15.2.4 Leaf to air vapour pressure difference

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Figure 15.9 Sromata are responsive to atmospheric vapour pressure deficit, so that potentially faster transpiration at low atmospheric humidity is constrained by partial closure of stomata (hence decreased gs). Patterns of response differ between species; two common forms of gs response to vapour pressure deficit are shown here for leaves with initially high rates of gas exchange.

Within the soil–plant–atmosphere continuum, water flux is driven by gradients in water potential, and the single biggest fall in water potential occurs between leaf air (Ψla) and ambient air (Ψaa). Stomata have to endure huge differences under even mild conditions. At 20ºC, and assuming a relative humidity inside leaves of 99.6%, Ψla would be -0.54 MPa. On a humid day, with ambient air at 96%, Ψaa would already be down to -5.51 MPa, a leaf to air difference of almost 5 MPa. On a drier day with ambient relative humidity of only 50%, the leaf to air difference would be 93 MPa! Leaf to air vapour pressure difference is thus a potent factor in transpiration, so that mechanisms enabling stomata to sense evaporative con-ditions and reduce conductance would have a strong selective advantage. Stomatal conductance (gs) commonly declines with increased transpiration occasioned by a decrease in atmospheric water content (expressed as an atmospheric water vapour deficit in Figure 15.9). This response may be linear or curvilinear, and sensitivity of gs to vapour pressure deficit is influenced by leaf water status and leaf age. Such regulation of water status can be highly effective because a favourable leaf water status can be maintained despite large increases in evaporative demand.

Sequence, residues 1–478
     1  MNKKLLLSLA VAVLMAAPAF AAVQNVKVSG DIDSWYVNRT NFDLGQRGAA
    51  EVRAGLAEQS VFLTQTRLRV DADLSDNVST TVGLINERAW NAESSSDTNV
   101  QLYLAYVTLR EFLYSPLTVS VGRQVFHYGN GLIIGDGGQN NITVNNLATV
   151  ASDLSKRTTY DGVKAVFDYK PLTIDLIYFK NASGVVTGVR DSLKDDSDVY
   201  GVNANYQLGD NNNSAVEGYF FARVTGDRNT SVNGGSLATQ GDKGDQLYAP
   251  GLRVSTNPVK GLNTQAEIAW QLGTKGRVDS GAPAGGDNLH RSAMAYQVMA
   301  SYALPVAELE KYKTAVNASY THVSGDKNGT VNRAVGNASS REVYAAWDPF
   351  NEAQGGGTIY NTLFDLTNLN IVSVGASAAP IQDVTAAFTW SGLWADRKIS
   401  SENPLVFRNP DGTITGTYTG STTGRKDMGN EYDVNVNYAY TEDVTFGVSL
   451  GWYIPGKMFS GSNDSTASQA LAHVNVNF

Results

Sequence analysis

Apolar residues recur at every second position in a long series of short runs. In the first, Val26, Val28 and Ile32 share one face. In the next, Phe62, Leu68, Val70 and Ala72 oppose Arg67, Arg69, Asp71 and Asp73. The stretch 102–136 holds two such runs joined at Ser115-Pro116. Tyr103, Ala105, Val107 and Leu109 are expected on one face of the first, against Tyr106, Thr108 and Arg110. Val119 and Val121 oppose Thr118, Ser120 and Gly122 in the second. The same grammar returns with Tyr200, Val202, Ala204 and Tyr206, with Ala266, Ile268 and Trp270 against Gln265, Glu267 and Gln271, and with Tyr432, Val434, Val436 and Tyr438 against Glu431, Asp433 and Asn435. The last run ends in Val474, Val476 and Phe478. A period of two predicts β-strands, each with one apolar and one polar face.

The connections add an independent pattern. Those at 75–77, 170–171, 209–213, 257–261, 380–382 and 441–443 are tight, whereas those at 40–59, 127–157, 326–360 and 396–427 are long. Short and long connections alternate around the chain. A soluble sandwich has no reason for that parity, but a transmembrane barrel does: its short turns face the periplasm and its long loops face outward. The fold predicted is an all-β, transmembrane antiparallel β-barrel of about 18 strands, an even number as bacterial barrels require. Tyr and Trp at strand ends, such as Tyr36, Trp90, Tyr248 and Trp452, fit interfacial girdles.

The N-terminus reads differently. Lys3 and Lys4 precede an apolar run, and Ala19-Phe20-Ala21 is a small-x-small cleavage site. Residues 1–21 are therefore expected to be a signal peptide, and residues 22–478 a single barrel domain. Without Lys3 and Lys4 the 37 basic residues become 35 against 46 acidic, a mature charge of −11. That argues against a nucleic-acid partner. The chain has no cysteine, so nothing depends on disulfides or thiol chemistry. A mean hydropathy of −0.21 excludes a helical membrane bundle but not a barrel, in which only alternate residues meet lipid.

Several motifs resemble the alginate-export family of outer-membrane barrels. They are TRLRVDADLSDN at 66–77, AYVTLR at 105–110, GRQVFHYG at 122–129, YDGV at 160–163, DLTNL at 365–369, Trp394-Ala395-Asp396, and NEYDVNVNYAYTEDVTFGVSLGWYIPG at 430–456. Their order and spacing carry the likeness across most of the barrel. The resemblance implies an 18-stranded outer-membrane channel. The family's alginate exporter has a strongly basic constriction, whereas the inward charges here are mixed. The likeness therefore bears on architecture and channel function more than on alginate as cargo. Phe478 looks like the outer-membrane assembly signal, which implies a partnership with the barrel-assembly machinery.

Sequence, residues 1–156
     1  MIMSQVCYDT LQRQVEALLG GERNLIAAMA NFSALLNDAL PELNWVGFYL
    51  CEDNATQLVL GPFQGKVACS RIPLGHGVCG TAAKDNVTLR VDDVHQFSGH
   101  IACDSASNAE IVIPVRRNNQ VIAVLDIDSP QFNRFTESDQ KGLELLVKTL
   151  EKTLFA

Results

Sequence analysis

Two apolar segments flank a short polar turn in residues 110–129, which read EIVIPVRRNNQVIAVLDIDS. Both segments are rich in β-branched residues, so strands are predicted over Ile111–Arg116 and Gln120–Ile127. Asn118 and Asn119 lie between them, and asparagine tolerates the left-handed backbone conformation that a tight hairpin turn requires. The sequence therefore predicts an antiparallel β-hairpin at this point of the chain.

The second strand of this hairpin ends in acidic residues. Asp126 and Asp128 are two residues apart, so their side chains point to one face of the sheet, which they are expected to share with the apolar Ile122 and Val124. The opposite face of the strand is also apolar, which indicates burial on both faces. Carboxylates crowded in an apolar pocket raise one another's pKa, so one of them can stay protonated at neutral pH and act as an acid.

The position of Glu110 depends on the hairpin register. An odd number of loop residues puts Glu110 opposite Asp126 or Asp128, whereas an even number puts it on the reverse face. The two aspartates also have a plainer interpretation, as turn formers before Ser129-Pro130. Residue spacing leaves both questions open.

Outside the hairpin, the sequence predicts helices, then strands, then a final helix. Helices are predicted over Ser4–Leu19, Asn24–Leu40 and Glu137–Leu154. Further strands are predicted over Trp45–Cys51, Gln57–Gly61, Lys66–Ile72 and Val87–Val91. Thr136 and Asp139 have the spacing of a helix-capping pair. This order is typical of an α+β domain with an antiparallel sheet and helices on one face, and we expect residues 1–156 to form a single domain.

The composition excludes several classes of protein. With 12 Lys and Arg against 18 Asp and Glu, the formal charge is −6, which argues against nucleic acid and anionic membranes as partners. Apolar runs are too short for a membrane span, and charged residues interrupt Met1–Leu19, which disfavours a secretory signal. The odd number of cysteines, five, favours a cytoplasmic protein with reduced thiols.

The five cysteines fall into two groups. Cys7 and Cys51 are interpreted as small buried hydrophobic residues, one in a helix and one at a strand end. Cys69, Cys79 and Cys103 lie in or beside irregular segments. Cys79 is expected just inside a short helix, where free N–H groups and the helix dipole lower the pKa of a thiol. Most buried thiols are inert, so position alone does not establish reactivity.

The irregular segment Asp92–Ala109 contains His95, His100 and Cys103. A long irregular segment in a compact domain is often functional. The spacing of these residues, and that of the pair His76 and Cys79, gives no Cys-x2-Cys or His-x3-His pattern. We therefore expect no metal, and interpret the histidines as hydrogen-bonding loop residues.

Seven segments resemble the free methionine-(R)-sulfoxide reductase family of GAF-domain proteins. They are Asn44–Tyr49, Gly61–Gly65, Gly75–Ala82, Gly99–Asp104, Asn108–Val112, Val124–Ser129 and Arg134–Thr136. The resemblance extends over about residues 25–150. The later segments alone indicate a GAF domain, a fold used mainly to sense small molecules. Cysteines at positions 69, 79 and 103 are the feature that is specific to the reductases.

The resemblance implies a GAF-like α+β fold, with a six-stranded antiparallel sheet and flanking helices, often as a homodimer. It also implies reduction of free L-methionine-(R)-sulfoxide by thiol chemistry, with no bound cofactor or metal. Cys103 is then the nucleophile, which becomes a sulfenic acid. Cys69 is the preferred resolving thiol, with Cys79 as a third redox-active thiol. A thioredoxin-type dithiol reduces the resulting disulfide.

Do stomata respond directly to transpiration, or do they respond to vapour pressure deficit per se? To answer this question an artificial gas mix called HELOX has been used, in which the nitrogen in the atmosphere has been replaced by helium. Water vapour diffuses through HELOX 2.33 times faster than through air at the same vapour pressure deficit. Rates of transpiration can then be varied independently of changes in vapour pressure deficit. These studies showed that changes in gs represent stomatal responses to increased rates of transpiration rather than atmospheric water content (Mott and Parkhurst 1991).

One further possibility for explaining stomatal response to transpirational flux relates to root signals. Plants encountering soil moisture deficit have a heightened sensitivity to vapour pressure deficit. Roots are known sources of shoot-inhibitory substances such as abscisic acid, and levels increase with soil moisture stress. Conceivably, faster transpiration could then sweep greater concentrations of these substances into transpiring leaves and trigger a closing response. Intuitively, such feed-forward control would forestall excess water loss during drought stress and would be selectively useful for any vascular plant.